In an interview with Ashmolean Director Xa Sturgis that is printed at the start of the exhibition’s appropriately shiny catalogue, Koons relates how art commentary and criticism erects barriers around objects for demanding an expertise and connoisseurship that a majority of people very understandably lack. Fretting about this … snobbery… which he repudiated during his education and early career, Koons asserts that he wants his work to be accessible for all.[i]The mirrored Venus should consequently be seen as an artwork that incorporates and welcomes her viewer; the open-ended wall labels should be regarded as prompts that ask people to develop, and to trust, their own interpretations.
The problem that remains in my mind is that Koons’ pieces seem initially too brash, too redolent of their creator’s ego, to be wholly responsive to the viewer’s point of view. The result, for me, is a curious – and presently unresolvable – tension between the democratic and demagogic. As Emma Park muses in her review of the exhibition for Apollo magazine, the rifts in Koons’ seventeen shiny structures aptly reflect the insecurities of our present, where a desire to belong is challenged by the drive to stand apart.[ii]
Of course, wonderment with the self and self-presentation are not unique characteristics of the twenty-first century. Jerry Brotton has recently suggested that sixteenth-century Tudor miniatures were meticulous antecedents of the selfie.[iii] Three floors below Koons’ Venus in the Ashmolean, and poetically serving as foundation, Antinous: Boy Made God, demonstrates how individuals – or one in particular; the supposed teenage love of Emperor Hadrian – were lauded in antiquity. Many of the surviving impressions of ‘boy-favourite’ or ‘fuck boi’ – depending on how salacious you like your historical writing – are much smaller than Koons’ statues, chiefly because all that survives is a bust or a broken-nosed face.[iv] Nevertheless, there is a gravitas and strength, a power, that these casts and carved marbles possess that Koons’ work does not. One of the more striking depictions of the teenager, which frames him with a draped cloak and fruit-filled garland, is the bust of the Braschi Antinous, dating from c.AD 130-138.[v] Here, as in other representations of the pubescent deity, the object to be viewed is confidently defined. To recall (appropriately) Professor Perlman’s monologue in Call Me By Your Name, the Antinoi “dare you to desire them”). Quite unlike the situation three floors above, the role of subject and object, viewer and viewed is not equivocal.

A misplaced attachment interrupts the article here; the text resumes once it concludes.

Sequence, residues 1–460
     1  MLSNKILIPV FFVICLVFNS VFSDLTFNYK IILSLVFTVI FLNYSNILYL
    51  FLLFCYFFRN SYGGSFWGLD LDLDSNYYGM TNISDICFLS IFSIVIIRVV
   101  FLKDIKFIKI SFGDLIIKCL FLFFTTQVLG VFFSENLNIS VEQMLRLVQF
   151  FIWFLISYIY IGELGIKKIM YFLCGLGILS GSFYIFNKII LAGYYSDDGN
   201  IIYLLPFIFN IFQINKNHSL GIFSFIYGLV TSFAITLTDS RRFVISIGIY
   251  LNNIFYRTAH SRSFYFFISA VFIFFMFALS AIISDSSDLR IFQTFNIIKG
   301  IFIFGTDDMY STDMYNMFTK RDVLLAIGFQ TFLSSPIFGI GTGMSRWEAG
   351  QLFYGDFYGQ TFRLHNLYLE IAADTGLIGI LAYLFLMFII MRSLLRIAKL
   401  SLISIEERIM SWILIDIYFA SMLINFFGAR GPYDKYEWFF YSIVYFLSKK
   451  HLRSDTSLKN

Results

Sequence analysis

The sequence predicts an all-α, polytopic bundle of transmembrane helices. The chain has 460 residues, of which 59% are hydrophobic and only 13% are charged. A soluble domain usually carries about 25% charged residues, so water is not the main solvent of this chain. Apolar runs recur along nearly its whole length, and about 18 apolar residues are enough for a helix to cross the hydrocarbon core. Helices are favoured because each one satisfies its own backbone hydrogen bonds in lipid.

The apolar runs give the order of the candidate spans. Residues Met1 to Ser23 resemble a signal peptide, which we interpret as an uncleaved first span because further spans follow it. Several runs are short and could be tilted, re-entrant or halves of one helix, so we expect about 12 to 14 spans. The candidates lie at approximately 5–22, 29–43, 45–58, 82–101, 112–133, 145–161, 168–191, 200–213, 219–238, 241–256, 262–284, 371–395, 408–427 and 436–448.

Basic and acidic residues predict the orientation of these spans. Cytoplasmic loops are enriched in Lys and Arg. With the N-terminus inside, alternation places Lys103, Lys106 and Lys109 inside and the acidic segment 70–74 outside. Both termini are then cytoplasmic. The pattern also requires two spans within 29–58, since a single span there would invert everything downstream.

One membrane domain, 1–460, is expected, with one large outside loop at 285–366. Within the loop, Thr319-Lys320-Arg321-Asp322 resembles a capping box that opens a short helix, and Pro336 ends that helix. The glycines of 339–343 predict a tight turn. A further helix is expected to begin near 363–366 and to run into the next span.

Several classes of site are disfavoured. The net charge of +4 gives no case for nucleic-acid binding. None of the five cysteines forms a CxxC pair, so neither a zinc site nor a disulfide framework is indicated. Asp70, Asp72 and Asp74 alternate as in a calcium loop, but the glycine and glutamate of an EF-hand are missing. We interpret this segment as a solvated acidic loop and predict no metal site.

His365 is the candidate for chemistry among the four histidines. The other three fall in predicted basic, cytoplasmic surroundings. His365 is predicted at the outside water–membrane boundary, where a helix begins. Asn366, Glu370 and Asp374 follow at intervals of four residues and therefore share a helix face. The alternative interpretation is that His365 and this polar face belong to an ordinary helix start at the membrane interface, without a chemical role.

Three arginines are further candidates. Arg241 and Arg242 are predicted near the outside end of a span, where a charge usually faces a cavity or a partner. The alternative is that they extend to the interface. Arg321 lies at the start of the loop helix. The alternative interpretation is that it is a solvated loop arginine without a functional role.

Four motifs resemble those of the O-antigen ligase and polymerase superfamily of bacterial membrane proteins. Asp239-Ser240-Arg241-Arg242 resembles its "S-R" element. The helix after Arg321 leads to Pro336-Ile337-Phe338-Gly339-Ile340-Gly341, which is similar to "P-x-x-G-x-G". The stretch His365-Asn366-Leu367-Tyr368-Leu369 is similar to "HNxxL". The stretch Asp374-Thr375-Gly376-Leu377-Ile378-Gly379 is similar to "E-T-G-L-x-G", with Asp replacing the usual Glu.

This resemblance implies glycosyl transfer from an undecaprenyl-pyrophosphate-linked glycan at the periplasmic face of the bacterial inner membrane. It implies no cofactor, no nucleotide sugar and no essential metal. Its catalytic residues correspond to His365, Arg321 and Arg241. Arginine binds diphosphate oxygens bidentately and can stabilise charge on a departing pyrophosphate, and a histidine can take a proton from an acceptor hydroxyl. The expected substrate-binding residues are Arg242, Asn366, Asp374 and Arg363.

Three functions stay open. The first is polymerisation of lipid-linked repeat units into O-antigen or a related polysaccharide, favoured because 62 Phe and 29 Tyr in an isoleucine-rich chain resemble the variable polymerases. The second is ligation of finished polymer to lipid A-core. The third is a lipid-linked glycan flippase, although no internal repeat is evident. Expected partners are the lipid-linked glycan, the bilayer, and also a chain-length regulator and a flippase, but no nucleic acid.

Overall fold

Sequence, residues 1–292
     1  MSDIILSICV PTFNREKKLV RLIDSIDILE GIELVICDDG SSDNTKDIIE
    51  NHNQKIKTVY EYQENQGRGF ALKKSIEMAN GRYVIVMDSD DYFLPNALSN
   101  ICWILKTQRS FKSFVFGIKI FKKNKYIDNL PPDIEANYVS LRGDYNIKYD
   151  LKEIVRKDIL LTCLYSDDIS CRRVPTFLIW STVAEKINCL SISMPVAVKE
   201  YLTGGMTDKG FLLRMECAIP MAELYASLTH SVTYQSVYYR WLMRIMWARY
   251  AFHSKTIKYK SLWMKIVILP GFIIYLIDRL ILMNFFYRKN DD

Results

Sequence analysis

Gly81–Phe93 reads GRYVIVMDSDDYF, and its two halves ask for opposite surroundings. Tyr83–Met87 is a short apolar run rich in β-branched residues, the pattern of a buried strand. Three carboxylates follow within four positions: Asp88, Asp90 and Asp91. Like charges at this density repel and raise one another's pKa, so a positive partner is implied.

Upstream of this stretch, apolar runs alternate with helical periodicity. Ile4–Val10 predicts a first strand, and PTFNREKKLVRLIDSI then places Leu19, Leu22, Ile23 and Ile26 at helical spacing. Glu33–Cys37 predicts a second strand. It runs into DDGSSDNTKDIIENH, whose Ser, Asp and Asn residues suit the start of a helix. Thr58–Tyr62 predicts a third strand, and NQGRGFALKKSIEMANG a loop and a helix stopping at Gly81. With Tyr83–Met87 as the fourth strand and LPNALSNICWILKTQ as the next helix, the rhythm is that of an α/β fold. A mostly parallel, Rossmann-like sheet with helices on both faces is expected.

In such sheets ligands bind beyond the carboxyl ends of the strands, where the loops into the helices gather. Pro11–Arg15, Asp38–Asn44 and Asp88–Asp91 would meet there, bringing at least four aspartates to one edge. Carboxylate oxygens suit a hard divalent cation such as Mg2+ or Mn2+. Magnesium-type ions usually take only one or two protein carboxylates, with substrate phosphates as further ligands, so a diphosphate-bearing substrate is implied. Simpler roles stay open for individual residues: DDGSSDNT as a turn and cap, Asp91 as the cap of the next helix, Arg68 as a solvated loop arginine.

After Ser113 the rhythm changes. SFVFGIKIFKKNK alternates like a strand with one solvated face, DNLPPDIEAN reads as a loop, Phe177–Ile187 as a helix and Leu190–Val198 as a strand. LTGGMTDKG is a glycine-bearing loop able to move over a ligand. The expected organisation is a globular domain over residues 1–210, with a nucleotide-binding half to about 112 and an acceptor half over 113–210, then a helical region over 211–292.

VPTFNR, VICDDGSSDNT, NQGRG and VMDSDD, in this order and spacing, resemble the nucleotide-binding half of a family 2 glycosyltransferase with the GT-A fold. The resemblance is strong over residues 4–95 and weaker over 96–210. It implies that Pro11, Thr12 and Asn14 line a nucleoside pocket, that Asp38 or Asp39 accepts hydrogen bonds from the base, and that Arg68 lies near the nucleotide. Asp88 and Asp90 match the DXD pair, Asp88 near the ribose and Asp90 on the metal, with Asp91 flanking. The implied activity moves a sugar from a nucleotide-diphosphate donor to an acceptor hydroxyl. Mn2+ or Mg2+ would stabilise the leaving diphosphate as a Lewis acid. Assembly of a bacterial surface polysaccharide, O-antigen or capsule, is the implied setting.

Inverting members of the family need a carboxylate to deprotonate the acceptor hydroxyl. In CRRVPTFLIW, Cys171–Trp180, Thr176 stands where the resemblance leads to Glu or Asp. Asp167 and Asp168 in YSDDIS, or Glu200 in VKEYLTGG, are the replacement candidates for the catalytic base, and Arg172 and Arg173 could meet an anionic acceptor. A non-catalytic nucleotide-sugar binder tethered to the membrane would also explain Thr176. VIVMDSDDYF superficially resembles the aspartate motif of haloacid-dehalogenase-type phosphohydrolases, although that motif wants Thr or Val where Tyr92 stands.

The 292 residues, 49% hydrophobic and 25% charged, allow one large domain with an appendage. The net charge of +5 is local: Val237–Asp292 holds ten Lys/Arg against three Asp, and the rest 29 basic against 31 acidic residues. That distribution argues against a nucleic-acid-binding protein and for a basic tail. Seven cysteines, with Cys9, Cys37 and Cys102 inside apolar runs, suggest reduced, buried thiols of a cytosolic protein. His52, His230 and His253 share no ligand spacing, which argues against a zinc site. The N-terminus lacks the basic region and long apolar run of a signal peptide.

Obviously, it would be trite to tease out too many parallels between the Ashmolean’s current exhibitions and the artwork therein, but viewing both in succession – first, Koons, then Antinous – it was nonetheless interesting to reflect that in making gods of ourselves, it has become difficult to identify what we truly value and regard as important. At a minimum, notions of self and an appreciation of self-presentation have become moribund.
[i] Jeff Koons At The Ashmolean(Ashmolean Museum: Oxford, 2019), 9-22.
[ii] Emma Park, ‘In his shiny surfaces, Jeff Koons reflects the vanity of our age’, Apollo(12 February, 2019). https://www.apollo-magazine.com/jeff-koons-ashmolean/.
[iii] Jerry Brotton, ‘Small Wonders’, FT Weekend Magazine(23/24 February 2019), 22-27.
[iv] The ‘fuck boi’ label comes from Lucy and Sebastian Hendra’s Historical Homos(2018).
[v] R.R.R. Smith, Antinous: boy made god(Ashmolean Museum: Oxford, 2019), 82-83.